Hiking the Inca Trail? Take These Precautions Against AMS

3 min read

Inca trail hiker

The Inca Trail, locally known as “Caminos Inca,” is a four-day hike to the breathtaking Machu Picchu in Peru. Taking this trek to one of the Seven Wonders of the World is a once-in-a-lifetime experience for which you should carefully prepare. Considering that the Inca Trail climbs to over 13,000 feet above sea level, altitude sickness is a routine concern for travelers.

Hikers often describe the atmosphere of the Inca Trail as “thin” air. This is because the percentage of oxygen per breath reduces as you ascend to a higher elevation, leaving travelers feeling easily out of breath. The human body adapts by taking quicker and deeper breaths in conjunction with increasing blood flow to the lungs.

Acute Mountain Sickness

Visiting the Inca Trail puts travelers at risk for altitude sickness. The common high-altitude ailment known as Acute Mountain Sickness (AMS) can leave you feeling like you’re stuck on the ground instead of high in the sky.

Common mild symptoms of AMS include:

  • Shortness of breath
  • General fatigue
  • Loss of appetite
  • Dizziness 

If you begin to experience these symptoms, stop climbing and rest until they subside. Moderate to severe symptoms include:

  • Difficulty breathing
  • Nausea and vomiting
  • Severe headache
  • Confusion
  • Inability to walk
  • Tightness in the chest
  • Blue tint to the skin

AMS will typically resolve in 6 to 16 hours, according to the Institute for Altitude Medicine; however, it can lead to deadly complications if left untreated. Anyone experiencing moderate or severe symptoms should descend immediately and seek medical attention.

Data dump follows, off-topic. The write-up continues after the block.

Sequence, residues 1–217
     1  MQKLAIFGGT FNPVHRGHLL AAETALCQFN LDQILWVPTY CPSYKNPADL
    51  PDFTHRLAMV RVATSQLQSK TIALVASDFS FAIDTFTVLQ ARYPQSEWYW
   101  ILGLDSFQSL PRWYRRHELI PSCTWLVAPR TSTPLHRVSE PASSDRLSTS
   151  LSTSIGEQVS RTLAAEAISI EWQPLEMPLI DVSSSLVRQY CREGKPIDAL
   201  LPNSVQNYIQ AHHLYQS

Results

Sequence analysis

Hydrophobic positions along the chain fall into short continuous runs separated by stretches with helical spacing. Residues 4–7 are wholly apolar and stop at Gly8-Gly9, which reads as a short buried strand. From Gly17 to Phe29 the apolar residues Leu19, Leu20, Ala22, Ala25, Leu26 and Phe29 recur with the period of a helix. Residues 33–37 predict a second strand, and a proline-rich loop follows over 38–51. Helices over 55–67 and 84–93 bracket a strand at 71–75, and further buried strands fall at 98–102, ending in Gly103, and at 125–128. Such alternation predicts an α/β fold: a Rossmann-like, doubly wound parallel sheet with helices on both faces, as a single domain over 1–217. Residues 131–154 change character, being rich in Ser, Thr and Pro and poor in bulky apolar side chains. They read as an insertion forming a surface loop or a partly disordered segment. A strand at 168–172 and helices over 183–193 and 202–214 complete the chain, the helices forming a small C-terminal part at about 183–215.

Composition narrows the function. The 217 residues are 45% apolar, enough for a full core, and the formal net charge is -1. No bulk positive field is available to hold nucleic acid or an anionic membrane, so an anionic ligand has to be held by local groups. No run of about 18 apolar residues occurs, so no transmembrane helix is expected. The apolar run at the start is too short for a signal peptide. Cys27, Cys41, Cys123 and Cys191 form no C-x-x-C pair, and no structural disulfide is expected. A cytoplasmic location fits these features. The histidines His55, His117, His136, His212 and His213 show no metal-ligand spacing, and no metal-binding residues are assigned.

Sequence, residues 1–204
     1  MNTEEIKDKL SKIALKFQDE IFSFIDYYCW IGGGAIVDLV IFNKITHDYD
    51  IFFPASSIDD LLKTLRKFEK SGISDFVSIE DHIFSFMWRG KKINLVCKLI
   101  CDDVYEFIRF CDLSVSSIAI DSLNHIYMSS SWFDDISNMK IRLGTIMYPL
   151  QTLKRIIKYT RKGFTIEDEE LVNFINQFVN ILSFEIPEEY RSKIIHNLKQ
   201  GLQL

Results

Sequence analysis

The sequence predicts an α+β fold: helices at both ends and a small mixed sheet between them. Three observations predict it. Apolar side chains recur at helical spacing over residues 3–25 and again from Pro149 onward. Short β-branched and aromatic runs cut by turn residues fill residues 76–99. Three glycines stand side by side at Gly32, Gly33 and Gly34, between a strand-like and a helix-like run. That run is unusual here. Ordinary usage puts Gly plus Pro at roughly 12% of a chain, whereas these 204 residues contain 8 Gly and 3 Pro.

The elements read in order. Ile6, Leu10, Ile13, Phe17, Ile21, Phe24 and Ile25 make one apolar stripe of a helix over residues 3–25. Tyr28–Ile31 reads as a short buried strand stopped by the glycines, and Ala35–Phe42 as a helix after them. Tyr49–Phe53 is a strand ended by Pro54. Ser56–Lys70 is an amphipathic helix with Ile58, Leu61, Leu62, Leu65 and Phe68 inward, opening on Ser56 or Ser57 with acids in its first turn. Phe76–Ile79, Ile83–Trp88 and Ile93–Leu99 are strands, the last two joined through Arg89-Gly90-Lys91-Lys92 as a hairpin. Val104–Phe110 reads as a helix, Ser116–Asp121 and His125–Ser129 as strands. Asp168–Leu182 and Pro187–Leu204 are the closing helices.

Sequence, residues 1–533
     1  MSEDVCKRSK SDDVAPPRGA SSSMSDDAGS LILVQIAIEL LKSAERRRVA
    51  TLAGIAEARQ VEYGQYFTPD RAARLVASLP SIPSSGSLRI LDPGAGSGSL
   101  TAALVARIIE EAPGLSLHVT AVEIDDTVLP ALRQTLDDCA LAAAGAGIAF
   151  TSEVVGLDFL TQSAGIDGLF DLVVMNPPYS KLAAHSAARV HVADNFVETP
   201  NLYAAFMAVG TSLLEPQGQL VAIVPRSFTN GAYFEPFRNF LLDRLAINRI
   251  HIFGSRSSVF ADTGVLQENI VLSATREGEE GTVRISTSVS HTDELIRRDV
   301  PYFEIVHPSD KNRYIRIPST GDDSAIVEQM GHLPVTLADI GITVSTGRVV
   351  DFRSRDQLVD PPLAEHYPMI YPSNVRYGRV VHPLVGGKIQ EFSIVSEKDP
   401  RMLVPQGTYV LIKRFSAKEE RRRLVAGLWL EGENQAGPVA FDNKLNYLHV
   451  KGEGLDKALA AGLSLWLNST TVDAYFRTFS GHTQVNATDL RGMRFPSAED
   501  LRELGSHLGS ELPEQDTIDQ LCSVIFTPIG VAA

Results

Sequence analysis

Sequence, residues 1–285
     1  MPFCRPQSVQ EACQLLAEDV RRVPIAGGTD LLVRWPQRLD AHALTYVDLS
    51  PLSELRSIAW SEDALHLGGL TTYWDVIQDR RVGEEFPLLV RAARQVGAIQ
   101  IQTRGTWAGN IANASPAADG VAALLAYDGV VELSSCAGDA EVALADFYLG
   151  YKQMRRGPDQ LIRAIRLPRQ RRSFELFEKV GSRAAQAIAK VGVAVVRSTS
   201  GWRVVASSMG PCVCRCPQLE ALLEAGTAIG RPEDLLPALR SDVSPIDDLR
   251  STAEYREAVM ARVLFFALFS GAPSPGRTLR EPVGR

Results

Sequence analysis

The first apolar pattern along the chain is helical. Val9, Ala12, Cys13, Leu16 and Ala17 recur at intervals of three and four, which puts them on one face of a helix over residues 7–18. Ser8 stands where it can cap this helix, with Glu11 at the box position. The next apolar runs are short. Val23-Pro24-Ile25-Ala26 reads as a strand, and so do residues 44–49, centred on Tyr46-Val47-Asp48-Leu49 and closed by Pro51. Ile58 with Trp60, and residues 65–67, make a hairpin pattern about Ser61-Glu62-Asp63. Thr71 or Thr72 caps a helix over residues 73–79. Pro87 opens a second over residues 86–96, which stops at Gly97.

Can You Prevent Altitude Sickness?

The good news is that you can prevent altitude sickness if you prepare two to three weeks in advance. However, since AMS can be unpredictable and vary in severity, you still need to take precautions. Here’s how you can prevent AMS while hiking the Inca Trail:

Take your time on the trail. Ascending at a gradual rate has shown to be the most helpful action to prevent AMS. This allows your body the time it needs to properly adapt to the reduced level of oxygen found at higher altitudes. Remember, your body is working overtime to keep functioning effectively. 

Fill your diet with carbohydrates. Studies show that people who consume a high carbohydrate diet (roughly 70% of calories from carbohydrates) two to three weeks prior to hiking at high altitudes show more efficient oxygen use. Enjoy foods like granola bars, crackers, breads, pastas, rice, tofu, fruit, potatoes, dairy products, chips, beans and hummus.

Stay hydrated and avoid alcohol and sleep aids. Drink plenty of water and avoid alcohol at least two weeks before traveling to the Inca Trail. Dehydration leads to increased concentration of your blood and less efficient use of oxygen. Alcohol and sleep aides also slow down breathing, discouraging your body from adapting to high altitudes. 

Take preventive nutrition supplements. Gingko biloba has been shown to have a possible effect on the prevention of AMS. Rhodiola rosea has been studied for its function of increasing oxygen saturation in the human body for the prevention of AMS. Antioxidants like vitamins E are effective for reducing free radical damage and preventing AMS. This is especially true if daily supplementation occurs three to four weeks prior to high-altitude exposure.

Listening to your body and being proactive to prevent AMS will help you enjoy your trip along the Inca Trail. Know your route, research elevation trends and be prepared.

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